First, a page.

Monday, October 9, 2006 09/12/2009
It is my duty this week to write the blog from the Kremlin Cup in Moscow and I will try to do my best to make it work and be published on atpworldtour.com. Since I am not an internet type of guy and if I wrote it myself it would take me a few days to finish one page, the person who will write it for me is Nicola Arzani of the ATP. In case you don’t like it you can blame him.
I now live in Monte Carlo but Moscow is my hometown and in my opinion it is the most incredible and most improved city in the entire world. I have not been to every city in the world, but from what I have seen, Moscow is the best. Of course I have a lot of friends here, I grew up here, so every time I come back here I try to enjoy as much as I can. It is sometimes difficult for me to combine work and pleasure but this is a week of work only for me…I am happy to be in Moscow and play the Kremlin Cup but I need to make a lot of sacrifices because I want to do well this week. So I will not be going out, no late dinners, everything will be around work this week. But I will make up for it once the season is finished after the Davis Cup final again here in Moscow in December…
I got to Moscow after a long and difficult trip. I was here for the Davis Cup semifinals against the United States in September, then I left to play ATP events in Bangkok and Metz. After losing in Metz, I flew back to Moscow but I missed the connection in Frankfurt and I arrived late. Nobody enjoyed that trip. When I got into town, I met with friends for dinner so that they could update me on life in Moscow without me. We went to a Japanese restaurant. I went back to my apartment pretty exhausted and slept for 12 hours.
When I got up I had corn flakes and coffee, I had no energy to cook anything. That’s the sad part of being single; nobody cooks for you, washes the dishes or does the laundry. So I never eat at home. My parents live not too far from me so they kindly do my laundry.
On Saturday I hit with (Nikolay) Davydenko, but after 45 minutes I had broken two racquets so I left the court as I had none left. It was a short day at the office…
I met again with friends for dinner and we went to a different Japanese restaurant and then we had coffee in the centre near Hermitage Park, where they have a club, a couple of restaurants and an old wooden house where they have a nice place where you can drink tea or coffee (but my friends preferred to smoke the water pipe…) I was pretty tempted to go to the nightclub for a drink but I stayed strong and went back home like a good boy. I was very proud of myself.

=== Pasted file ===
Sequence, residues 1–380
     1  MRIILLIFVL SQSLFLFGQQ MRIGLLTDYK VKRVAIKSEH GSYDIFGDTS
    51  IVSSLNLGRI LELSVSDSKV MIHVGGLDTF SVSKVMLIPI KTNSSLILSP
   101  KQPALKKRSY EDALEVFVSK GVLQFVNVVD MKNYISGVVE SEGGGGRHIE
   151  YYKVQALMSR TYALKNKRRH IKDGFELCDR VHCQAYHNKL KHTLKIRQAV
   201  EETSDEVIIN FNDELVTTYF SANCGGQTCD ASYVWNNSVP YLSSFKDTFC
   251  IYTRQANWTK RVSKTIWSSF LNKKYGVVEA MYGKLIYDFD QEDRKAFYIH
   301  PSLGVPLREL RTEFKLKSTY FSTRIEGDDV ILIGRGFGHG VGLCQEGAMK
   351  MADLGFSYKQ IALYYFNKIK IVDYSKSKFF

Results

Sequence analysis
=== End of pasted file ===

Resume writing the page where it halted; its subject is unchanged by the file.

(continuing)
Sunday I had the same breakfast by myself and then had one more coffee at the Olympic Stadium and some blinis (Russian pancakes) with sour cream and jam. I ate about 10, as I was afraid that there would be none after my practice!
I hit for one hour with (Teimuraz) Gabashvili who is a very nice guy, pretty crazy and funny. He’s just great; you just don’t meet many people like him. I did not break any racquet this time
On my way back I wanted to stop at the Bania (Russian bath house) with Alexander Volkov who is helping me but then Gabashvili called because he was supposed to hit with (Dmitry) Tursunov but he had to cancel so he wanted Volkov to take his place. So I had to be the driver and drop Alexander back at the Olympic Stadium. Thanks to Gabashvili I did not get to go to the Bania, he took away Volkov and I was depressed until after the doubles today. I am actually more depressed now because we lost the doubles! All this because of Gabashvili.
Last night I still had to face the situation that I was left without Volkov so I went out to dinner. That was also to cheer up my friend (Yuri) Schukin who had lost in the qualifying. I have known Yuri since we were kids. We went with (former ATP player Denis) Golovanov and his wife, who is pregnant, and also another former player (Emin) Agaev who has moved to Moscow and another friend, Oleg. We went to an Uzbek restaurant. We sat next to two groups who were very loud. One was Dutch and Portuguese people. They were so loud! And they drank so much, I was not there when they got the bill and I am sure they had a bad surprise. Probably they did not know the conversion from the roubles to dollars. I had never seen so many corks and so many trays on a restaurant table. The more wine they drank the louder they became.
Then some Uzbek dancers came along and it just got even louder. Those guys were enjoying themselves so much, especially because their wives were not around. When the dancers finished and left, the Dutch-Portuguese group wanted to have them back and of course the restaurant in order to please the clients, brought the dancers back. I must say they were pretty hot (the dancers, not the clients!) They were happy and discussed more business after their 20th bottle of wine. Then they discussed which country was better, Portugal or Holland and one Dutch guy came to our table to offer us a Dutch cigar. I had never heard of a Dutch cigar before and I decided not to try it as I do not want to fail the doping test!
We left the happy group at the Uzbek restaurant. Their company must have a big budget, they were still drinking and eating when we left. I am pretty sure I know where they finished their evening but I will keep that secret and take it with me to the grave.
That’s it from me today.
Speak to you tomorrow,